Chopping Onions and Weak Metaphors

Just finished making Mexican food for dinner and chopped lots of veggies, including some onion. Sliced a big yellow onion from top to bottom and you know what? In the middle, it was just as onion-ish as it was on the outside.

Which makes me think of a metaphor about storytelling I’ve heard dozens of times. It goes like this; the artist/journalist/filmmaker explores stories deeply. Their approach, they say, is like peeling an onion, revealing more layers until they finally get to the heart of the onion. The really earnest ones note that –like peeling an onion — sometimes, a few tears are shed.

What bothers me is that this is such a poor metaphor for someone to use who is trying to teach storytelling. I love onions and cook with them often. And every time I take the knife to an onion, the center is the same as the outside. More layers of the same thing. And a story with more and more layers of the same thing is not profound. It’s just redundant.

Which is how some projects progress. We want something bigger because it’s important or we see potential for acclaim and instead of going deeper, we just add more and more.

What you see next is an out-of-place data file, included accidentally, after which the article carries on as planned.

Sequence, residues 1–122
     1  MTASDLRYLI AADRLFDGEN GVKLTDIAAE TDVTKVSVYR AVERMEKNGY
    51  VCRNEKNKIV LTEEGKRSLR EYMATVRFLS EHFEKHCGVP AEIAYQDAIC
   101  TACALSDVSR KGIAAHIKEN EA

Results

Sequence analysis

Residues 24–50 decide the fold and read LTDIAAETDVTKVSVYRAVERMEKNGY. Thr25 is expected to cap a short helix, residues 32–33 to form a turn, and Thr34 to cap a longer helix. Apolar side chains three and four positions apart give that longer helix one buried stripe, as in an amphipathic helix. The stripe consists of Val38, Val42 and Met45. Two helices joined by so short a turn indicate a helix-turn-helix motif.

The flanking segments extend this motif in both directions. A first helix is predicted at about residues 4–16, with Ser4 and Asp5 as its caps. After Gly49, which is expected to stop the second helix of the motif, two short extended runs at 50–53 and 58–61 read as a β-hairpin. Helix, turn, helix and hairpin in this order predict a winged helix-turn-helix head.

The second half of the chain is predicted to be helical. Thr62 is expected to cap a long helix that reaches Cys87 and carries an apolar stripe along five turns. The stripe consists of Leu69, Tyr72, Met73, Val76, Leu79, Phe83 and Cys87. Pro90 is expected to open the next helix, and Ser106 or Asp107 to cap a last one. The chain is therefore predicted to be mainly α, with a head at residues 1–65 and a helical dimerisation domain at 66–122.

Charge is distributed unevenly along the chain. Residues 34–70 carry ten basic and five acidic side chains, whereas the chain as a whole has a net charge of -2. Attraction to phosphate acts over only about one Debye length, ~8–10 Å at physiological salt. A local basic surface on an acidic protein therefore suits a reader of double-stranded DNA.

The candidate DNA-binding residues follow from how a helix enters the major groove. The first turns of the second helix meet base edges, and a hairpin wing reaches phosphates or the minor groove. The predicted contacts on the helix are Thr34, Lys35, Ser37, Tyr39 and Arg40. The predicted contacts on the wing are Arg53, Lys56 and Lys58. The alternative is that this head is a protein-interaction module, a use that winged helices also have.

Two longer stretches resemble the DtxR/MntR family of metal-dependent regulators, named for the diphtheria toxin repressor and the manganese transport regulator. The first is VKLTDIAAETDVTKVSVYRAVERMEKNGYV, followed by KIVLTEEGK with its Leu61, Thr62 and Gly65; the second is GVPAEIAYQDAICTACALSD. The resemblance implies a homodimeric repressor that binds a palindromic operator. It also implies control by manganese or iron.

I heard a much better metaphor about in-depth storytelling from Kenny Irby of The Poynter Institute. He said reporting a story is like visiting someone’s house. The easiest and most superficial contact is walking up to the porch and knocking on the door. The next level of intimacy comes if you are invited in to sit in the living room and talk. If you’re invited into the kitchen, where the cooking and eating happens, then you are really deep into the story. And if by chance you end up in the bedroom then, well, it gets real personal.

I can honestly say I can’t remember hearing the onion metaphor told by someone whose work I enjoyed.  Their work was peeling onions with the same stuff over and over again. Of course, if someone happens to be peeling onions in the kitchen I was invited into, then maybe that could be a good story.